Ceviche is a traditional Peruvian fish dish that combines sweet, sour and spice.
Ceviche is a very refreshing and popular Peruvian dish. The traditional ingredients are raw fish, lime, onions, cilantro and yellow chilies—although many chefs interpret the dish in new and modern ways. This recipe is for the traditional ceviche.
The traditional fish is a sea bass, but any fish with white meat, such as halibut, Mahi Mahi, hake or grouper, will do. Fresh fish is best—frozen fish is not recommended. Ceviche is usually garnished with steamed and/or toasted white corn, which may not be available in Mississippi all the time, or may only be available at specialty stores. Other traditional garnishes are easier to find, such as sweet potatoes and green plantains. Yuca is also used as a garnish and is usually available in stores that cater to Latino and Hispanic customers. Enjoy this South American dish from the comfort of your home—it's a perfectly light, fresh meal for the warming weather.
2 pounds fresh fish
1 large purple onion or 2 small ones
1 habanero chili (known as aji limo to Peruvians)
1 teaspoon salt
A pinch of pepper (preferably white)
Cilantro leaves (if desired)
Optional additional ingredients:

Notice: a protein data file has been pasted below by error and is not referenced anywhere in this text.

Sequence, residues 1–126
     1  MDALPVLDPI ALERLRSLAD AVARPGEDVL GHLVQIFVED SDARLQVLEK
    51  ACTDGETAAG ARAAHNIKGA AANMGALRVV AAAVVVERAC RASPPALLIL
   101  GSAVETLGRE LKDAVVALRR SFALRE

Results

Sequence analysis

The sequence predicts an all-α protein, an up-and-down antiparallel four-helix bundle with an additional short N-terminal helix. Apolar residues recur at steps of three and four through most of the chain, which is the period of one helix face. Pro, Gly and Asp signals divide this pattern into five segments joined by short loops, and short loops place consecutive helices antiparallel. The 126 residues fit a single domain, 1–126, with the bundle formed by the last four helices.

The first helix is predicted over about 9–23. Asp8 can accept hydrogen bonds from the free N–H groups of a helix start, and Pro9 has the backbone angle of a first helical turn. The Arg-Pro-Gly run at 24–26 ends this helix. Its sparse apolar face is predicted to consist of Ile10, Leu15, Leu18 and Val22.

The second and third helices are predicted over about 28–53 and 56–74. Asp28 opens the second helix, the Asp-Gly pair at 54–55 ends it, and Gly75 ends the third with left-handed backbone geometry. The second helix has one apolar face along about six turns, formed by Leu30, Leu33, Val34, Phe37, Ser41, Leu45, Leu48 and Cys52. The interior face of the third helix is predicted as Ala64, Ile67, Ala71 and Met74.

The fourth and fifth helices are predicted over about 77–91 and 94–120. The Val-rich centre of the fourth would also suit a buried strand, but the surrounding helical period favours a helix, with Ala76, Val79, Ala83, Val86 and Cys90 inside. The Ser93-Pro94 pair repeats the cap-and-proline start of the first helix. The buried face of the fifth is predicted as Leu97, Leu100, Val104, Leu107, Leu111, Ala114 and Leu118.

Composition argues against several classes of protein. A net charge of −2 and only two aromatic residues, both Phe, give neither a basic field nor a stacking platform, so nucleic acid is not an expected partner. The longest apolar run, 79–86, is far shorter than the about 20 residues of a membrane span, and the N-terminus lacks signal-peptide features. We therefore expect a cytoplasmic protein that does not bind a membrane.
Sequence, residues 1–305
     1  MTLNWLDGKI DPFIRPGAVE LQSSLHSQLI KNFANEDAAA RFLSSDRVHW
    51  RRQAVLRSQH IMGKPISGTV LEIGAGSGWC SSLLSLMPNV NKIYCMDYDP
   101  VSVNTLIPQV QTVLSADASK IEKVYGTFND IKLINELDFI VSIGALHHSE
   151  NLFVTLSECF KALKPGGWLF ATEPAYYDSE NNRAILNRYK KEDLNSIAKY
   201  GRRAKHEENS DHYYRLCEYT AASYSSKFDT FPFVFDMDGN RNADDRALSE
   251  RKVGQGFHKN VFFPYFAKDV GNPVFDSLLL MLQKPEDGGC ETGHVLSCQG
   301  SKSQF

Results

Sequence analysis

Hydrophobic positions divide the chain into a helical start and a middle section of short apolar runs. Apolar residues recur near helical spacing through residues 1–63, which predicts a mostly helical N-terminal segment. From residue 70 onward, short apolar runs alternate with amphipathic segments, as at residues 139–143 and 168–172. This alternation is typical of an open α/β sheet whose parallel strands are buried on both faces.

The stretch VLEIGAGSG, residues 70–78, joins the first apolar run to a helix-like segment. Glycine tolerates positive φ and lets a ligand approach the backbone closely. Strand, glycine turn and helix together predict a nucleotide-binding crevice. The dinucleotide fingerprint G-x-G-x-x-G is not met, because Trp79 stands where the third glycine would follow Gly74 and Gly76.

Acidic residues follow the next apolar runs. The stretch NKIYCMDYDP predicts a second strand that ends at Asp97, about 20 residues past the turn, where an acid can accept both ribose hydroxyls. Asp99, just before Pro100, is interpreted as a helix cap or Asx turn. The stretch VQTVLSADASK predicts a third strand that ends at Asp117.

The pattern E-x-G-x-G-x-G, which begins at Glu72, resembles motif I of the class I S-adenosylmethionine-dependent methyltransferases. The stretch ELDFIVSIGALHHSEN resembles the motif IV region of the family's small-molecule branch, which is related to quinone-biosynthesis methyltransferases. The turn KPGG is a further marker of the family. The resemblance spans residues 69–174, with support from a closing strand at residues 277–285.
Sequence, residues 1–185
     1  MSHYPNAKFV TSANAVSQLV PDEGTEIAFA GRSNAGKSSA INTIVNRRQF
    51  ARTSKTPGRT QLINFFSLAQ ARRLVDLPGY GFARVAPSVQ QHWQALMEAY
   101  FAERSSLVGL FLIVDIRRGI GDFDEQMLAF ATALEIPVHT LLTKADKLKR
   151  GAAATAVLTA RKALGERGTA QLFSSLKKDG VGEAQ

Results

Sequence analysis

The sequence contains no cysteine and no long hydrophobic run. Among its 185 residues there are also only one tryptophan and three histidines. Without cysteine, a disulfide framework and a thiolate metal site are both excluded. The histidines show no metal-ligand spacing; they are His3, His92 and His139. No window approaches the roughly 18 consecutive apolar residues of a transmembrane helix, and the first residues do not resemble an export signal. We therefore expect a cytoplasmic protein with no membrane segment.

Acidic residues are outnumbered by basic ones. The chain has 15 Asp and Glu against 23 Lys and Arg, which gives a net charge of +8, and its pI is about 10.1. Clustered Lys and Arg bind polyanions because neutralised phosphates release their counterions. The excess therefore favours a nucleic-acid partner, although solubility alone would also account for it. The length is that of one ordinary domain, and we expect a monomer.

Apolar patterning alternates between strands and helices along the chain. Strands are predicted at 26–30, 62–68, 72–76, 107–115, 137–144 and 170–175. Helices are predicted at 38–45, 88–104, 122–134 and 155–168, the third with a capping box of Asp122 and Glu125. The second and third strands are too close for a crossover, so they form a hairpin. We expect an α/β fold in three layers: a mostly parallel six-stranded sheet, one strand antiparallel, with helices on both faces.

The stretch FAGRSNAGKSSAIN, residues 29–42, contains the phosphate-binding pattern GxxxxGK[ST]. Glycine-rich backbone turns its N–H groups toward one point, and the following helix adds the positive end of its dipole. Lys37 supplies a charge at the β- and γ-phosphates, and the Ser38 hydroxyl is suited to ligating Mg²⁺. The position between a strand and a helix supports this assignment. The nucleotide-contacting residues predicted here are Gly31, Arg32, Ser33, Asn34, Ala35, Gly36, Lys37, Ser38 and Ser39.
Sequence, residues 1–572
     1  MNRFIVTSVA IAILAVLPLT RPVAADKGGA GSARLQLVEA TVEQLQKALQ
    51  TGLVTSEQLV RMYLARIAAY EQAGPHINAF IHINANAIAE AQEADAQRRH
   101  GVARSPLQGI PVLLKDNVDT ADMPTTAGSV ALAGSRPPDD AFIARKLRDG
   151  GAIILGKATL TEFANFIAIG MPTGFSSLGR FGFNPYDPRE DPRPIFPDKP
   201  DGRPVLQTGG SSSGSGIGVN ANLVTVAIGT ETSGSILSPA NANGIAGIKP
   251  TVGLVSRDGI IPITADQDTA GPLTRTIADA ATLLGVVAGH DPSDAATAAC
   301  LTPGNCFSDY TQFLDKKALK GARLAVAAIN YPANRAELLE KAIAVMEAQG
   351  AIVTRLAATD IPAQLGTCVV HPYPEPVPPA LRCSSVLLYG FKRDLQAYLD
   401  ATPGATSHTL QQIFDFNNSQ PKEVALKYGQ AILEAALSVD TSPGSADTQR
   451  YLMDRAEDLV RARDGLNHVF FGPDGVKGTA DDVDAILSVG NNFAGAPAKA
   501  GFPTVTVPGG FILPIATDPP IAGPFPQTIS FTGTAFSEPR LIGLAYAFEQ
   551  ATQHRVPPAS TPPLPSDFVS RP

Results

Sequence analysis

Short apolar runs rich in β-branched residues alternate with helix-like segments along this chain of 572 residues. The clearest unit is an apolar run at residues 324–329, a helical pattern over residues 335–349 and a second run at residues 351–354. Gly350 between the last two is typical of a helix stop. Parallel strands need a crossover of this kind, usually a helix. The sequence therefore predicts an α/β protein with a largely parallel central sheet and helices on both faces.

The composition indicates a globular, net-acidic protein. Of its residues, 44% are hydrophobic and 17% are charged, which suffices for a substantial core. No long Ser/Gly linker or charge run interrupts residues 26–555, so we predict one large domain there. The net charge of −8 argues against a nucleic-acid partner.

Two steamed or boiled corns
Sweet potato chips
Fried plantain chips
Fried or boiled manioc (yuca)
Slice the red onions, julienne style, then rinse to remove bitterness. Juice the limes over a bowl or container—to keep the lime juice from becoming too acid, it's best to juice them by hand.
Cube the fish as uniformly as possible, close to two centimeters by two centimeters. Cut the habanero into the smallest possible pieces. Remove the stem and seeds—you may want to use gloves to avoid the heat. Make sure not to let the seeds come in contact with your skin, and don't touch your eyes until after you've washed your hands thoroughly.
Put the fish, salt, pepper and chili into a bowl. If you decide to use cilantro leaves, add them now. Add the lemon juice and red onion.
Once all ingredients are together, gently mix them all using a spoon. Taste everything as you're mixing in case you want to adjust the taste.
Let the ceviche rest for a few minutes so that the lime "cooks" the fish. Five to 10 minutes is adequate. Once rested, you can garnish your ceviche with the toasted corn, boiled corn, sweet potato or plantain chips, to your taste.